Blackburn, Amazon’s mergers-and-acquisitions chief, said in a 2012 interview that everything the company did in the diapers market was planned beforehand and was unrelated to competing with Quidsi. He said that Quidsi was similar to shoe retailer Zappos, which Amazon acquired in 2009: a “stubbornly independent company building an extremely flexible franchise.”
The Federal Trade Commission scrutinized the acquisition for four and a half months, going beyond the standard review to the second-request phase, where companies must provide more information about a transaction. The deal raised a host of red flags, such as the elimination of a major player in a competitive category, according to an FTC official familiar with the review. The merger was eventually approved, in part because it did not result in a monopoly. Costco Wholesale (COST), Target, and plenty of other companies sold diapers online and off.
Bezos won, neutralizing an incipient competitor and filling another set of shelves in his Everything Store. Quidsi soon expanded into pet supplies with Wag.com and toys with Yoyo.com. Wal-Mart missed the chance to acquire a talented team of entrepreneurs who’d gone toe to toe with Amazon in a new product category. And insiders were once again left marveling at how Bezos had engineered another acquisition by driving his target off a cliff.
The people who do well at Amazon are often those who thrive in an adversarial atmosphere with almost constant friction. Bezos abhors what he calls “social cohesion,” the natural impulse to seek consensus. He’d rather his minions battle it out backed by numbers and passion, and he has codified this approach in one of Amazon’s 14 leadership principles—the company’s highly prized values that are often discussed and inculcated into new hires:
Have Backbone; Disagree and Commit
Leaders are obligated to respectfully challenge decisions when they disagree, even when doing so is uncomfortable or exhausting. Leaders have conviction and are tenacious. They do not compromise for the sake of social cohesion. Once a decision is determined, they commit wholly.
Some employees love this confrontational culture and find they can’t work effectively anywhere else. “Everybody knows how hard it is and chooses to be there,” says Faisal Masud, who spent five years in the retail business. “You are learning constantly, and the pace of innovation is thrilling. I filed patents; I innovated. There is a fierce competitiveness in everything you do.” The professional networking site LinkedIn (LNKD) is full of “boomerangs”—Amazon-speak for executives who left the company and then returned.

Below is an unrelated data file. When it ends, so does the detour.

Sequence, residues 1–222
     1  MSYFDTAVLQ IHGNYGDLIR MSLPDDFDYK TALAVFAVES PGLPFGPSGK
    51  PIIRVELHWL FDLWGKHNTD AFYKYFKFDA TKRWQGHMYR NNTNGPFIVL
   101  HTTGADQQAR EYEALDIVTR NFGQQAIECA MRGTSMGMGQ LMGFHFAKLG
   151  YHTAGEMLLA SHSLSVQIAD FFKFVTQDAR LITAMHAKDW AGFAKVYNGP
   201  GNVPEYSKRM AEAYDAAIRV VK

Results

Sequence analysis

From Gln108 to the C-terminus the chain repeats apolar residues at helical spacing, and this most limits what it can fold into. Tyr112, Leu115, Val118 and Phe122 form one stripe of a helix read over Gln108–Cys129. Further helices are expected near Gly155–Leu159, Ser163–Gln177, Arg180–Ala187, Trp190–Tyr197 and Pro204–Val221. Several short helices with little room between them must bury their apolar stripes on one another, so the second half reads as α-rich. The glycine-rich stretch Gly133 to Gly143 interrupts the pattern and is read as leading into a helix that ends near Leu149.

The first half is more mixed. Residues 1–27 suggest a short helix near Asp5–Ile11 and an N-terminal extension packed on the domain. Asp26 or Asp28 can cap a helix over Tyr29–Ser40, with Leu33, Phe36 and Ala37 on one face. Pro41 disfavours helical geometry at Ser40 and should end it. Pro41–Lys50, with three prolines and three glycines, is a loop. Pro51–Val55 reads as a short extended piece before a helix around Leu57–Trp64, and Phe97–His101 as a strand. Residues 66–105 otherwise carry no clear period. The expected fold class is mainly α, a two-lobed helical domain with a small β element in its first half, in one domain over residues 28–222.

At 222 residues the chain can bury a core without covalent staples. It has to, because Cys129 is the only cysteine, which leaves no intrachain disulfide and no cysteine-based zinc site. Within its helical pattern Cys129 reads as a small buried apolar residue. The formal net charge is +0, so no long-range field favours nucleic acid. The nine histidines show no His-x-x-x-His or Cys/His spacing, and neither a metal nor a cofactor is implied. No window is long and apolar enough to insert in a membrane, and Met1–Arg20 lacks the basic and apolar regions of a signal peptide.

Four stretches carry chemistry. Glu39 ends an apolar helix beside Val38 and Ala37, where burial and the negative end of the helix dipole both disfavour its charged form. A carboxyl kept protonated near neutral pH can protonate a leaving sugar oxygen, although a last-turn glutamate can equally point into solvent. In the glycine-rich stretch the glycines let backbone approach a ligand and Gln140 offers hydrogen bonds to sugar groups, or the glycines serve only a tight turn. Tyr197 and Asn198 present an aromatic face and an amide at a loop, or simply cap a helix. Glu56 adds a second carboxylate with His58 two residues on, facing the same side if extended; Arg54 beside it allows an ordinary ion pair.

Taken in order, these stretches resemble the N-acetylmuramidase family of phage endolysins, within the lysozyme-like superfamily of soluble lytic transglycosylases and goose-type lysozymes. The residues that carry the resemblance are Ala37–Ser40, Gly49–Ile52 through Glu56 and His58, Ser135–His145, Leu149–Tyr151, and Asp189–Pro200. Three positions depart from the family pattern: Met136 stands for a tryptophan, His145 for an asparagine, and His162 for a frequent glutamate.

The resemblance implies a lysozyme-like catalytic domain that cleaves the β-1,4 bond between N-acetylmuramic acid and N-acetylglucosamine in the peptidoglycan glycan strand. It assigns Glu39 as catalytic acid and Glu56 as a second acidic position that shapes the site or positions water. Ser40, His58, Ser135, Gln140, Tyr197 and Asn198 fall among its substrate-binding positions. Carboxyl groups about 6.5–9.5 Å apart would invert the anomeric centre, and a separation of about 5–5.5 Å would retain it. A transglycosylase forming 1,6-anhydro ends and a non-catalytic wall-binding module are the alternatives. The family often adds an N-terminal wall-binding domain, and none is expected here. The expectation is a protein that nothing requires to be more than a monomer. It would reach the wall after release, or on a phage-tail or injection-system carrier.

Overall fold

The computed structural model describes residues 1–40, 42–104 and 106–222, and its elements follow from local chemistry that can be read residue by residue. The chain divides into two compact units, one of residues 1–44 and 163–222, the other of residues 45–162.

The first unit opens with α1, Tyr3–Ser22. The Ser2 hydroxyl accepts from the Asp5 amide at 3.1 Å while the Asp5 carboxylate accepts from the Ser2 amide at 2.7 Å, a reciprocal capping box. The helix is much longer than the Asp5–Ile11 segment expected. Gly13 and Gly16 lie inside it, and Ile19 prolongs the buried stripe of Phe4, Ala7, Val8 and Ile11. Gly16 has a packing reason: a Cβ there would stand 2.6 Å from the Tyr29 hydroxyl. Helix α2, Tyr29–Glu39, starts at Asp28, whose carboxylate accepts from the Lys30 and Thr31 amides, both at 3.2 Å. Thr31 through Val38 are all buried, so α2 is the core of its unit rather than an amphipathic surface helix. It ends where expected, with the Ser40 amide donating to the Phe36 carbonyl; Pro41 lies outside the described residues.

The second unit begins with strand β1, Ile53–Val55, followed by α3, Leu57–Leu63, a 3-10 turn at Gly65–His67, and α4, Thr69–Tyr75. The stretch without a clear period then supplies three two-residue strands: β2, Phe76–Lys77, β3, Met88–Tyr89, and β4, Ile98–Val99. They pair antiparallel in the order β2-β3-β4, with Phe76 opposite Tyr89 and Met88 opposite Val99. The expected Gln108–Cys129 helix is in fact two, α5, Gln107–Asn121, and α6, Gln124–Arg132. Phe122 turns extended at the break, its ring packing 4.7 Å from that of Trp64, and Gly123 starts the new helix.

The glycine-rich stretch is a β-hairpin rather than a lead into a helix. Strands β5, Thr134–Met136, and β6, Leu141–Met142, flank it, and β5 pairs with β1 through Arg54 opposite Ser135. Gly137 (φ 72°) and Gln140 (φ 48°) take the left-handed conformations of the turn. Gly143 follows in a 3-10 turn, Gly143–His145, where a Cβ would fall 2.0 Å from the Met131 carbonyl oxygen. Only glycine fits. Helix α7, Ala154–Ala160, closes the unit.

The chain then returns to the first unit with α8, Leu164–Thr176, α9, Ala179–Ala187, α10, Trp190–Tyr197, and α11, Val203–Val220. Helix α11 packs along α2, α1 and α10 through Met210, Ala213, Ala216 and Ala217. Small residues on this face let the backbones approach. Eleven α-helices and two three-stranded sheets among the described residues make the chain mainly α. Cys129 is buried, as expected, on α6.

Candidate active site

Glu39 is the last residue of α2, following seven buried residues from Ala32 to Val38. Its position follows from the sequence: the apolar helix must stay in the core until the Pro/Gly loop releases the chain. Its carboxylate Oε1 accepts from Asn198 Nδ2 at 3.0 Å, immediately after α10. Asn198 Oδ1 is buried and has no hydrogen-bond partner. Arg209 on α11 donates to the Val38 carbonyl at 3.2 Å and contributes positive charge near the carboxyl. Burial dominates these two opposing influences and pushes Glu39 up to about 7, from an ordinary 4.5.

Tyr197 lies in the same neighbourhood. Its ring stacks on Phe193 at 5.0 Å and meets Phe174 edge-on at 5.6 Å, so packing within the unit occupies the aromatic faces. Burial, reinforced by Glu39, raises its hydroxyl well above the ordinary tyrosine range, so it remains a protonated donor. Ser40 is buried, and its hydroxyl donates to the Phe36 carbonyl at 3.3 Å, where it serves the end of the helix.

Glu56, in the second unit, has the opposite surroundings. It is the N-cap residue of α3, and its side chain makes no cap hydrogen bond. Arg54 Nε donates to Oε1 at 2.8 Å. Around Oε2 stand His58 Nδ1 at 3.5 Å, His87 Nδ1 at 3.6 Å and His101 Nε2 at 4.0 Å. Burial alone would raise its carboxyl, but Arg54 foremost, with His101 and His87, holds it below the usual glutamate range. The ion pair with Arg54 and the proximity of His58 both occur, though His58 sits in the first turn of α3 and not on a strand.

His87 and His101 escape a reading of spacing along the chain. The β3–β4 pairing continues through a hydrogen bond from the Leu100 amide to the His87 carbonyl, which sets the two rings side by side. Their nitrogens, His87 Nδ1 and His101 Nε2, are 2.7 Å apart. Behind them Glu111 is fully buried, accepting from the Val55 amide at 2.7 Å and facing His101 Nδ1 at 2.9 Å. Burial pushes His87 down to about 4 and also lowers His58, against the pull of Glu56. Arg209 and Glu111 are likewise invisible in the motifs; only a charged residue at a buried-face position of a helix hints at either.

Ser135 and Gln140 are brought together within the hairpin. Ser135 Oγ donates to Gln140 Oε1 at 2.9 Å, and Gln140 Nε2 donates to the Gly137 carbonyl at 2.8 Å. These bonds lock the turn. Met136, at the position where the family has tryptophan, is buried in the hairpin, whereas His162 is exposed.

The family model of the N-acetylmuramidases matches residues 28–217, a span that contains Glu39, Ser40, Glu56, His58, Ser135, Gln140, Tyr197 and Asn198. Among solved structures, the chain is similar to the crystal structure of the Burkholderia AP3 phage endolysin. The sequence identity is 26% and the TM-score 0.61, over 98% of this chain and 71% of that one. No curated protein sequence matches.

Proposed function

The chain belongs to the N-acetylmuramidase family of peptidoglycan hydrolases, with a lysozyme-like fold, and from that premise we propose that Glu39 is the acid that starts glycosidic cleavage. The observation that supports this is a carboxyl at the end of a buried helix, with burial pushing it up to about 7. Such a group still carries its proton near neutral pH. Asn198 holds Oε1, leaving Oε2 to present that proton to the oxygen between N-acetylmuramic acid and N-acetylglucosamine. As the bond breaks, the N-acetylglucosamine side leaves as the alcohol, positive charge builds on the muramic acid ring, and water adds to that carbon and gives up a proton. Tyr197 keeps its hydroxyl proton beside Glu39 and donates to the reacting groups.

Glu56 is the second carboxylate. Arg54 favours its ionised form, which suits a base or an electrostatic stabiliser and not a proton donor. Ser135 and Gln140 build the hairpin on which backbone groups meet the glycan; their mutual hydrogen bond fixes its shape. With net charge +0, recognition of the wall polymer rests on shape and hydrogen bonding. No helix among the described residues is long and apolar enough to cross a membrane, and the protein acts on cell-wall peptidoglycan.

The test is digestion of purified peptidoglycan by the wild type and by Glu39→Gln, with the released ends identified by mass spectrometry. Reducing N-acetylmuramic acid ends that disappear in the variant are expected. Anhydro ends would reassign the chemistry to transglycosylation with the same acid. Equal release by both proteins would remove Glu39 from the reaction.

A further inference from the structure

But other alumni call Amazon’s internal environment a “gladiator culture” and wouldn’t think of returning. Many last less than two years. “It’s a weird mix of a startup that is trying to be supercorporate and a corporation that is trying hard to still be a startup,” says Jenny Dibble, who was a marketing manager there for five months in 2011. She found her bosses were unreceptive to her ideas about using social media and that the long hours were incompatible with raising a family. “It was not a friendly environment,” she says. Even leaving Amazon can be a combative process—the company is not above sending letters threatening legal action if an employee takes a similar job at a competitor. Masud, who left Amazon for EBay (EBAY) in 2010, received such a threat. (EBay resolved the matter privately.)
Employee churn doesn’t seem to damage Amazon, though. The company, aided by the appeal of its steadily increasing stock price, is an accomplished recruiter of talent. In its second-quarter earnings report in July, Amazon said its ranks had swelled to 97,000 full-time and part-time employees, up 40 percent from the year before. New hires are given an industry-average base salary, a signing bonus spread over two years, and a grant of restricted stock units spread over four years. Unlike Google (GOOG) and Microsoft, whose stock grants vest evenly year by year, Amazon backloads the vesting toward the end of the four-year period. Employees typically get 5 percent of their shares at the end of their first year, 15 percent their second year, and then 20 percent every six months over the final two years. Ensuing grants vest over two years and are also backloaded to ensure that employees keep working hard and are never inclined to coast.
Managers in departments of 50 people or more are often required to “top-grade” their subordinates on a curve and must dismiss the least effective performers. As a result, many Amazon employees live in perpetual fear; those who manage to get a positive review are often genuinely surprised
There are few perks or unexpected performance bonuses at Amazon, though the company is more generous than it was the 1990s, when Bezos refused to give employees city bus passes because he didn’t want to give them any reason to rush out of the office to catch the last bus of the day. Employees now get cards that entitle them to free rides on Seattle’s regional transit system. Parking at the company’s offices in South Lake Union costs $220 a month, and Amazon reimburses employees—for $180. Conference room tables are a collection of blond-wood door-desks shoved together side by side. The vending machines take credit cards, and food in the company cafeterias is not subsidized. New hires get a backpack with a power adapter, a laptop dock, and orientation materials. When they resign, they’re asked to hand in all that equipment—including the backpack. These practices are also embedded in the sacrosanct leadership principles: